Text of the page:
The leaves are edible, but it is not traditionally grown for the sole purpose of consumption and therefore did not undergo certification.
Calendula, marigold, is a genus of about 12–20 species of annual or perennial herbaceous plants in the daisy family Asteraceae, native to an area from Macaronesia east through the Mediterranean to Iran. Calendula should not be confused with other plants that are also known as marigolds, such as corn marigold, desert marigold, marsh marigold, or plants of the genus Tagetes.
The most commonly cultivated and used member of the genus is the pot marigold (Calendula officinalis). Herbal and cosmetic products named 'calendula' invariably derive from C. officinalis.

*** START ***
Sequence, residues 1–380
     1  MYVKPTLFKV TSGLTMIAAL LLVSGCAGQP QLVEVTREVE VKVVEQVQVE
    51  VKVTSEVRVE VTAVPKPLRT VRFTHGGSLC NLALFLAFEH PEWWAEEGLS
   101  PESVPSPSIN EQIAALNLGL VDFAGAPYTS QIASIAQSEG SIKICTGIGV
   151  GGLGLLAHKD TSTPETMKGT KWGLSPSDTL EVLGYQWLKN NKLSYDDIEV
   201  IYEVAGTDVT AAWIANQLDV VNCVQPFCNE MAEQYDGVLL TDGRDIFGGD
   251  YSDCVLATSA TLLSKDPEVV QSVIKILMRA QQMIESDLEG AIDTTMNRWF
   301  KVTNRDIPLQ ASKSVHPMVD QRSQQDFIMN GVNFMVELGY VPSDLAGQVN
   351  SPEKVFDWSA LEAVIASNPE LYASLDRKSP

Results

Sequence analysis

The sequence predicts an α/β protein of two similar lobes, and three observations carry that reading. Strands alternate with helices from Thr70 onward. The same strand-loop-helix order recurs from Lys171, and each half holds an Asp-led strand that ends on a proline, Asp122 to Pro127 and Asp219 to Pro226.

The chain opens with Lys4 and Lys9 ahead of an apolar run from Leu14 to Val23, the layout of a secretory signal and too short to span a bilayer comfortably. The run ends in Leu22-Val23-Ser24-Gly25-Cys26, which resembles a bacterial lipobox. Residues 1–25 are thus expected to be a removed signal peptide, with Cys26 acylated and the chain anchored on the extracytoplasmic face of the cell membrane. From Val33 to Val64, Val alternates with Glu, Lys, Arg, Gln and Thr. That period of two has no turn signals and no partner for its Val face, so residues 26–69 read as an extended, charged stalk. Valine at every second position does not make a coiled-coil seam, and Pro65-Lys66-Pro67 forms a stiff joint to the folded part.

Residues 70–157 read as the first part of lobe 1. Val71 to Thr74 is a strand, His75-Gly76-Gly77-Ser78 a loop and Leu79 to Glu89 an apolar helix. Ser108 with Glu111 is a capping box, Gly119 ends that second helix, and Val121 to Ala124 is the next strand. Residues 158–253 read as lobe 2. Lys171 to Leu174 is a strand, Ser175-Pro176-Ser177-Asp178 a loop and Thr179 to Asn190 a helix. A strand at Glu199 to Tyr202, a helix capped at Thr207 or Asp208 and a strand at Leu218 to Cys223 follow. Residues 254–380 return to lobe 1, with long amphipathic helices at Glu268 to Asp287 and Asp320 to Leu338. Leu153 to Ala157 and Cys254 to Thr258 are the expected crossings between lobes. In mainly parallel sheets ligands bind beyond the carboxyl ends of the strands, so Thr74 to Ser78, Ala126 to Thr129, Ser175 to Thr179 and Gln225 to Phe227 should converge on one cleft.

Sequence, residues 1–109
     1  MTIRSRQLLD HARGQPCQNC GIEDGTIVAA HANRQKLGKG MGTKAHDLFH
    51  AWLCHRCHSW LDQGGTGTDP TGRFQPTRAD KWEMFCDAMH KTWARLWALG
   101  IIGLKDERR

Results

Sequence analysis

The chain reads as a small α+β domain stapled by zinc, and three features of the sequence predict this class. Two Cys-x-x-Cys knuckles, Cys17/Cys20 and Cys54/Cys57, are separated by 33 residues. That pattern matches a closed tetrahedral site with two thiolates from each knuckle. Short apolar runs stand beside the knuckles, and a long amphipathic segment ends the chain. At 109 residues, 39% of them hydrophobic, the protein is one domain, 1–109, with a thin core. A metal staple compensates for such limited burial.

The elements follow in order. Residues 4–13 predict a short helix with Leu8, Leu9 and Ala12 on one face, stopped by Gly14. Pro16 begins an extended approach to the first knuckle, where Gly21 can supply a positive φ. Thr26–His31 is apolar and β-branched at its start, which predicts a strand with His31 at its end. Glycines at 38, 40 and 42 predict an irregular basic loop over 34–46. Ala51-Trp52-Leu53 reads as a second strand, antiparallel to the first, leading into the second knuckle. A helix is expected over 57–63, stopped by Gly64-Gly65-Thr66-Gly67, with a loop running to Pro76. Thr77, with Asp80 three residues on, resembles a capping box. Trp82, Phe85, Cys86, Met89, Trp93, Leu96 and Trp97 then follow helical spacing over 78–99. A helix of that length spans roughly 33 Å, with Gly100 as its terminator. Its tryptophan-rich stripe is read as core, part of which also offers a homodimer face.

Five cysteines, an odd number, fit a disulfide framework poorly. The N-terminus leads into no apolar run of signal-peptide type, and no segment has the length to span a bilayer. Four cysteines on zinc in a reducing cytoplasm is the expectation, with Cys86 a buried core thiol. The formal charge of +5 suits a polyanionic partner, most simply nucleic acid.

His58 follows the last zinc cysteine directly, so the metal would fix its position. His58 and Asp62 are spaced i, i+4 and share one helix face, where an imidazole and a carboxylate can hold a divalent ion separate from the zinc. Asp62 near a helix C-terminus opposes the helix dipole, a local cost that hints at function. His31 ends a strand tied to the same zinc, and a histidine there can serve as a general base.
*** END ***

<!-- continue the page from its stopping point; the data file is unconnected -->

Plant pharmacological studies have suggested that Calendula extracts have anti-viral, anti-genotoxic, and anti-inflammatory properties in vitro. In herbalism, Calendula in suspension or in tincture is used topically for acne, reducing inflammation, controlling bleeding, and soothing irritated tissue. There is limited evidence that Calendula cream or ointment is effective in treating radiation dermatitis. In a randomized study of 254 radiation patients, topical application of 4% calendula ointment resulted in far fewer occurrences of Grade 2 or higher dermatitis than occurred in the group using trolamine. Calendula users also experienced less radiation-induced pain and fewer breaks in treatment.